In this country, people with mental disorders have rights under the Americans with Disabilities Act. Making sure that your rights are respected at work may mean that you will have to disclose your disorder. Here's a very good article about handling your disorder at work. I've found it to be quite helpful.

And when you're really struggling at work or with anything at all, think about all the well-known, creative people, past and present, who've been manic-depressive or depressed. They did it. There's always hope.

3 comments:

Barb B. said...

Having just the depression and not the manic is, it sounds like anyway, easier to handle.
I decided to tell my close friends once I realized what was going on. As I have said, my depression is connected to hormone imbalance during menopause. The shocking thing to me were the number of my friends who are having similar experiences and were told by their doctors to go home and cheer up. Including one woman who almost ran her van into a transport truck on the highway at 100Km per hour. I gave her my docs name, she went to him and is receiving help.
I told my kids, and that's the best thing I ever did. They live about 500km away, and were down for a visit. They went out and bought me a bouquet of flowers, gave me a big hug and kiss (we aren't a flower huggy kissy family) I had also mentioned my trouble sleeping, and for Christmas they got me a bath set with soap and lotion and salts etc that is supposed to help promote sleep. Whether it works or not, I can tell you it was a warm and fuzzy moment.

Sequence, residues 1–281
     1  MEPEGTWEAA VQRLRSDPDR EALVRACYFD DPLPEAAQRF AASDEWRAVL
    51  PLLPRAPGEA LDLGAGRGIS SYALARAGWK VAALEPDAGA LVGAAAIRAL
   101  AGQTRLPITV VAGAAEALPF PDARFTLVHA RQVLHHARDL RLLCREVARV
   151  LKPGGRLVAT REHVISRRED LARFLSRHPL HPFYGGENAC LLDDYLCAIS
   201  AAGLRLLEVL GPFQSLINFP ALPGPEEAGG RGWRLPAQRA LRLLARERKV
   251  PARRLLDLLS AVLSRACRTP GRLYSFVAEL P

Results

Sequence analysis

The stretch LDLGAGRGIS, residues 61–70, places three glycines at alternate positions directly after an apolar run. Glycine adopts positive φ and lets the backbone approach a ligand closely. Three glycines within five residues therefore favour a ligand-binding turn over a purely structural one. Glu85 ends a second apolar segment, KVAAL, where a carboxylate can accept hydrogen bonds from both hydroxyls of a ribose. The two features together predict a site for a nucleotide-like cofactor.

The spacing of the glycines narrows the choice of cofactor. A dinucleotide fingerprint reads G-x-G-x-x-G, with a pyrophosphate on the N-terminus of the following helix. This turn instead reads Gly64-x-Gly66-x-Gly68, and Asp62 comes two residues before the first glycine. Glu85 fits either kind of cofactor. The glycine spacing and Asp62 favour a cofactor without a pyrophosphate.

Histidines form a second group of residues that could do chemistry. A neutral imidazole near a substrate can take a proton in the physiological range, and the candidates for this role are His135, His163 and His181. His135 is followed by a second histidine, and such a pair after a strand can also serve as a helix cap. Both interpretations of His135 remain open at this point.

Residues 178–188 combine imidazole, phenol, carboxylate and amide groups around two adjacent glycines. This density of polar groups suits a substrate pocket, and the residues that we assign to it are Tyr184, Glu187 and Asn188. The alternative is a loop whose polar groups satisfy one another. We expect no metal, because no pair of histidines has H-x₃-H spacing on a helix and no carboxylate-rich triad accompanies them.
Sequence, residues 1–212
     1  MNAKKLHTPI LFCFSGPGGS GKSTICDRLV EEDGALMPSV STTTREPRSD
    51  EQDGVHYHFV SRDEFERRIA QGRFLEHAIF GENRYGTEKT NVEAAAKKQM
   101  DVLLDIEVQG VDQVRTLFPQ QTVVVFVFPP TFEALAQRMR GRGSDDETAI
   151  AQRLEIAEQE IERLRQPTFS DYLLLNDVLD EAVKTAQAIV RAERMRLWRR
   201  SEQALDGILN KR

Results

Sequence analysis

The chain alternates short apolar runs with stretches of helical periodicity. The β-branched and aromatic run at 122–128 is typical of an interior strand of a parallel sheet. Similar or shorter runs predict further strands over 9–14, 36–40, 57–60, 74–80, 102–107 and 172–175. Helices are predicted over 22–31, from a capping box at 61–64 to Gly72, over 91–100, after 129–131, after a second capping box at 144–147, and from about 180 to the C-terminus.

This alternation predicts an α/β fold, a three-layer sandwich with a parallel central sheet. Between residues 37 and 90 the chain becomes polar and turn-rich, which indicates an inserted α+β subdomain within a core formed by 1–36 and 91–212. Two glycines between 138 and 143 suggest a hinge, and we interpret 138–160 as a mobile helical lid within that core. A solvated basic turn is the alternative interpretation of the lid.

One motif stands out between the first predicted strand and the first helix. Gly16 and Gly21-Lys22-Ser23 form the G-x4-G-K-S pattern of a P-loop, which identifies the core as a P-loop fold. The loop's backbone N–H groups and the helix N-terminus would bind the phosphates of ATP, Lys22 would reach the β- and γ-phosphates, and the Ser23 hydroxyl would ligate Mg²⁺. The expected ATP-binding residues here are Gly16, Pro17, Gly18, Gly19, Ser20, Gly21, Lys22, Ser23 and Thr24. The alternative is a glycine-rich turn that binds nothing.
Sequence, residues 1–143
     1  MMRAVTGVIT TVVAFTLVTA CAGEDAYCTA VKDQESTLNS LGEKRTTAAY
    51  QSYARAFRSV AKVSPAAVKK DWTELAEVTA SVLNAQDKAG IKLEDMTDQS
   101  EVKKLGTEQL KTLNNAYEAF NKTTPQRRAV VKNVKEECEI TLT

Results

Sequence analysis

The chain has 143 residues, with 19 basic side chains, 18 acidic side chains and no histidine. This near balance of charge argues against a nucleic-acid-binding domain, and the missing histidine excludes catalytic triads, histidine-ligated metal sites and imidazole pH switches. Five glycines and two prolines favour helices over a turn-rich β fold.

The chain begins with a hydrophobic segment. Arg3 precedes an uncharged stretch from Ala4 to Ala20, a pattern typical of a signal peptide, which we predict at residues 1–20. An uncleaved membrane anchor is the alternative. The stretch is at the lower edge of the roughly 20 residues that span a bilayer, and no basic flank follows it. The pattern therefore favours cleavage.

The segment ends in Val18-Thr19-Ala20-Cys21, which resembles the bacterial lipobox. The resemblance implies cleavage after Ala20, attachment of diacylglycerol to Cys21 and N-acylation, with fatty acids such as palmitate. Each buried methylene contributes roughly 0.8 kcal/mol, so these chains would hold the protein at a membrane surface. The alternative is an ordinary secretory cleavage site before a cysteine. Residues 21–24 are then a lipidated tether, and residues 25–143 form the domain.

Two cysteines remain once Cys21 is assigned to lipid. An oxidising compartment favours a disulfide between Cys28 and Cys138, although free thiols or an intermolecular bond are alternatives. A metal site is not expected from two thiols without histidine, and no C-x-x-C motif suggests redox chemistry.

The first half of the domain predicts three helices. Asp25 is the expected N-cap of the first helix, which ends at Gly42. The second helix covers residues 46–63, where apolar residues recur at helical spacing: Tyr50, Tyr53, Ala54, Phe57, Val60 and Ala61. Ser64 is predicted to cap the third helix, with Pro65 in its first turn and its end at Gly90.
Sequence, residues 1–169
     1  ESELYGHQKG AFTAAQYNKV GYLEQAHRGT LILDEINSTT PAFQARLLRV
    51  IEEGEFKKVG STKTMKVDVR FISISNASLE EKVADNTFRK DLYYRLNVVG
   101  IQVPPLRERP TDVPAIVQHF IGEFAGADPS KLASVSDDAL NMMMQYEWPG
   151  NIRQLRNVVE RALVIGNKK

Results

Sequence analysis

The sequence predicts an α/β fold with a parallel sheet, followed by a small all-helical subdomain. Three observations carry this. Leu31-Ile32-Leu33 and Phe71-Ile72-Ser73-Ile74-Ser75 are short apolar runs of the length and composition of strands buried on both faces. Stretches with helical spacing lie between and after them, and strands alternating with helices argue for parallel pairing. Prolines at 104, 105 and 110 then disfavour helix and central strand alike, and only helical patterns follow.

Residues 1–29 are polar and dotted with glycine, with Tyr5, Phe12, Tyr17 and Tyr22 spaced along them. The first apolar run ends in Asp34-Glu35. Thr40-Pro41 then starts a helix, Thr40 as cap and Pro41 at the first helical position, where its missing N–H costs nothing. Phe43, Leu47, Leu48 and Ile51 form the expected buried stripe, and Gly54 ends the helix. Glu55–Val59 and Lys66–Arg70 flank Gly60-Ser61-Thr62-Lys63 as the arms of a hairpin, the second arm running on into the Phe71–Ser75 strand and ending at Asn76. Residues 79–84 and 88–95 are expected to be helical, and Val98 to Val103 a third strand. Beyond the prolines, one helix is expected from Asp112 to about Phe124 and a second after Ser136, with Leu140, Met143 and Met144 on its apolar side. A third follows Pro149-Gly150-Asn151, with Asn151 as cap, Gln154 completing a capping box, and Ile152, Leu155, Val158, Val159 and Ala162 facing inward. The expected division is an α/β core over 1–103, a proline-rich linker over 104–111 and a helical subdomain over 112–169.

All in all, my experience of discussing my problems (suicidal thoughts, crying jags, pity parties) has been nothing but positive so far.
Barb B.

Gail said...

I'm seeing a new therapist who is making a point that while I have social anxiety disorder, its not who I am. So, I go back and forth between wanting to talk about it and tell everyone (especially since so few people can, really), and just wanting to not mention it ever.

I'm fairly close with my manager, and I don't bring it up. Mainly because I've found that when I tell folks, they at first don't believe me, an second, they then start to accomodate me in ways I don't need and aren't necessarily good for me. Yes, I get scared when I have to contact a big muckity muck. Yes, it's easier if my boss does it for me, but I also know I can't grow as a person or in my job if I lean on that.

Marilyn said...

The funny thing is, depression has gotten some very positive publicity in terms of celebrities discussing it openly, Tom Cruise notwithstanding. Bipolar not so much, although Patty Duke and Carrie Fisher have done a lot for the disorder. If a doctor tells someone to go home and "cheer up," then it's time to dump him/her immediately because they aren't listening.

I have slight social anxiety on occasion, so I can relate, Gail. It comes and goes but it's not really hindered me too much. If I'm feeling depressed, I like to withdraw from people. Hate making phone calls to people I don't know. However, that's always been part of my job, so I tell myself, "Fuck 'em if they don't like it, it's only a phone call."